In this excerpt, it is obvious that Naomi is talking about herself rather than the doll. It shows that Naomi is innocent as she does not know the complete truth and believes that she is just going for a ride on the train which excites her. Following that, after getting off the train, Naomi proclaims that her doll is lost as she asks Obasan “where is my doll? ” (128). Since Naomi’s mother gave her that doll, its absence can be associated with the separation she feels between herself and her mother, the ideal defender of her innocence.

It is vivid that Naomi is an innocent child which is exemplified through her thoughts about fairies helping her “I am in a grade two reader full of fairies, sitting in the forest very still and waiting for one fairy… to come flying… and lead me down to the moss-covered door on the forest that opens to the tunnel leading to the place where my mother and father are hiding” (164). This quotation illustrates Naomi’s distress about the disturbing thoughts that come into her mind when she thinks about her parents also, she feels helpless at the hands of other powerful figures like the RCMP in Canada.

Therefore, Naomi as a young child believes that her only hope is a mythical creature like a fairy that might help her locate her parents much like a child who believes in Santa Clause’s existence. Naomi is too young to interpret the reality and the difficulties of her and her family’s lives as they do not affect her much, proving that she is undoubtedly an innocent child. Lastly, Naomi is a helpless child who had to see the different side of the world too soon for her age.

In the novel, Naomi declares that “Again and again the hen’s beak strikes and the chick lies on its side on the floor, its neck twisted back, its wings, outstretched fingers. The hen lifts a scaly leg, the claws collapsing and clutching as it struts around the cage, bayoneting the chicks darting past Naomi’s feet, their wings outspread. ” (63). Naomi’s fate is represented by the chicks as she is a defenseless being, practically powerless against the Canadian government’s attacks on her family. She is a guiltless child being punished by the government for no legitimate reason.

Later on in the Novel, Naomi’s neighbor Old Man Gower who “carries her away, he tells [her] she must not tell [her] mother. ” as she puts it (65). Exhibiting the fact that Naomi is a vulnerable subject of Old Man Gower’s sexual attacks. Also, Naomi was devastated as she could not seek the protection of her mother for she was ashamed of herself and also that Old Man Gower had asked her not to talk about anything to her mother. Therefore, she is an innocent child suffering in her own grief and confusion at a very young age.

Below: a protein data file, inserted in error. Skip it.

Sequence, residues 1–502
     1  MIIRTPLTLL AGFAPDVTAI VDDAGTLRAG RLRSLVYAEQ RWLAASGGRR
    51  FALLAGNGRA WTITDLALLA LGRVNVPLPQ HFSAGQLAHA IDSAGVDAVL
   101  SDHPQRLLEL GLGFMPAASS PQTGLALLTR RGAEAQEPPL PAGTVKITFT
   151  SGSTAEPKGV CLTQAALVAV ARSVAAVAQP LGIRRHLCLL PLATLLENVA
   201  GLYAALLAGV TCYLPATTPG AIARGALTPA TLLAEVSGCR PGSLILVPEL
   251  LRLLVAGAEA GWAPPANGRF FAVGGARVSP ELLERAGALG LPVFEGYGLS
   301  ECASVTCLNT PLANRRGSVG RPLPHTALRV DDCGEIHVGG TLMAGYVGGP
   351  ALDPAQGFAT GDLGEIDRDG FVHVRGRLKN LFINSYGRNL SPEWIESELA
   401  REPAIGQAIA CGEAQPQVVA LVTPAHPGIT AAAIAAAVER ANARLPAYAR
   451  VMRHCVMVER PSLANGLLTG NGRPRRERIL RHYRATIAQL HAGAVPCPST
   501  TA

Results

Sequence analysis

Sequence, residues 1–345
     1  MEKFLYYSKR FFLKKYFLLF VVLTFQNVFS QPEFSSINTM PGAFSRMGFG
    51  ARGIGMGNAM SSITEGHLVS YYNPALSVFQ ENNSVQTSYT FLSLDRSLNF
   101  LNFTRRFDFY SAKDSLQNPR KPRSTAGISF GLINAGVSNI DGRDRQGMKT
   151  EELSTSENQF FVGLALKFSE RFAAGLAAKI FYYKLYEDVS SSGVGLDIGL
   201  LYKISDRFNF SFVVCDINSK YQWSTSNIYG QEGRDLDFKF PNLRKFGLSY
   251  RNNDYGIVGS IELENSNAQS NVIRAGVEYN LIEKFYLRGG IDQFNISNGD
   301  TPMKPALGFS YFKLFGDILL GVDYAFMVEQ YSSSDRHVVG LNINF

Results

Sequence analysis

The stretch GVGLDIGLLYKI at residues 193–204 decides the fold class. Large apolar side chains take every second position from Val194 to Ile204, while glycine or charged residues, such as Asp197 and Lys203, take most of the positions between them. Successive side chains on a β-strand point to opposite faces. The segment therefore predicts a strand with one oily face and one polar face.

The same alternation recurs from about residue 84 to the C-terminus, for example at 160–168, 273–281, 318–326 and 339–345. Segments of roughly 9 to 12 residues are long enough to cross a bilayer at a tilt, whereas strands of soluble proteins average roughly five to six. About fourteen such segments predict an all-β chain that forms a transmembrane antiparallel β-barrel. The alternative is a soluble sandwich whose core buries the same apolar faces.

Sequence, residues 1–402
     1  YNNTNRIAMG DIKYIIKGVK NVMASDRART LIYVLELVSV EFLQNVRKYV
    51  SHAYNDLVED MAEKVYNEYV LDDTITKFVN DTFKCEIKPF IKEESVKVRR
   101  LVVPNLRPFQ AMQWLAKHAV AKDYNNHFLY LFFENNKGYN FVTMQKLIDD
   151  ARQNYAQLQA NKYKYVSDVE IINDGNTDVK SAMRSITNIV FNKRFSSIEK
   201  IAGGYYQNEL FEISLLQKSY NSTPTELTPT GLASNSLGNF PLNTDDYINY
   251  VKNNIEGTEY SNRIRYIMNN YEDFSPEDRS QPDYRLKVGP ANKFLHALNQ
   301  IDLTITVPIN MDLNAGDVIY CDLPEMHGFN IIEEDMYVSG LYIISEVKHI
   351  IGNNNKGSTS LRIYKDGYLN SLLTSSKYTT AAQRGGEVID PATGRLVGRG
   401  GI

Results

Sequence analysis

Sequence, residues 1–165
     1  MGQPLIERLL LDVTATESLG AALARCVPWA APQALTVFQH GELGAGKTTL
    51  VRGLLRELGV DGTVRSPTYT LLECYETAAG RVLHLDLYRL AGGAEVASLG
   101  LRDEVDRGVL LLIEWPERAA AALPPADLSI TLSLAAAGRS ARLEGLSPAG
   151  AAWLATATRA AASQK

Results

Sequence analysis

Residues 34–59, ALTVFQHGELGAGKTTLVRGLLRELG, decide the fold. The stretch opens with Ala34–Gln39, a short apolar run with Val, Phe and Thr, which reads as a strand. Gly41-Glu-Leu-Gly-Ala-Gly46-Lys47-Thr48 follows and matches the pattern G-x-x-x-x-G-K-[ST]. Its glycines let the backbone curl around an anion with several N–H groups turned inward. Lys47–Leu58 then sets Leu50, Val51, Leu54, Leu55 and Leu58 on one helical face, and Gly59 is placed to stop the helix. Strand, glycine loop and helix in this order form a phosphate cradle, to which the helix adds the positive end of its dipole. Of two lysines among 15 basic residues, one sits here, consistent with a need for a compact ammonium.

Subsequently, the reoccurring nightmare that Naomi has about the “three oriental woman that lay naked in the muddy road… and several soldiers… [Who] appeared to be guarding those women… prisoners …” is crucial to understand the abuse she suffered at the hands of Old Man Gower (66). The women in her dream are defenseless against the armed men reflecting upon her own experience as a victim of her neighbor. In the novel, it is portrayed that Naomi is unprotected and vulnerable when exposed to matters that only adults should be aware of.

All in all, Naomi’s innocence is a significant feature in her childhood as the adults in the Nakane family shield Naomi with their resolute endurance. An examination of the adults’ role in Naomi’s life reveals that they are essential because they try their best to protect her from the unlighted side of the world. After analyzing Naomi’s involvement with her toys or fairy tales it is revealed that she is unclear with the events occurring around her and henceforth turns to her dolls or fairy tales for an explanation or a solution for her questions.

Naomi’s discovery about abuse highlights that Naomi is a young child being exposed to something inappropriate as she has yet to develop a sense of right or wrong in the world. In Joy Kogawa’s Novel, Obasan, Naomi is a naive child who is bewildered and agitated throughout the novel considering that she does not have experience of the life outside the protection of her parents. **** Works Cited Kogawa, Joy. Obasan. 90 Eglinton Avenue East, Suite 700, Toronto, Ontario, Canada, M4P 2Y3: Penguin Group, 1981. Print.

Obasan Essay essay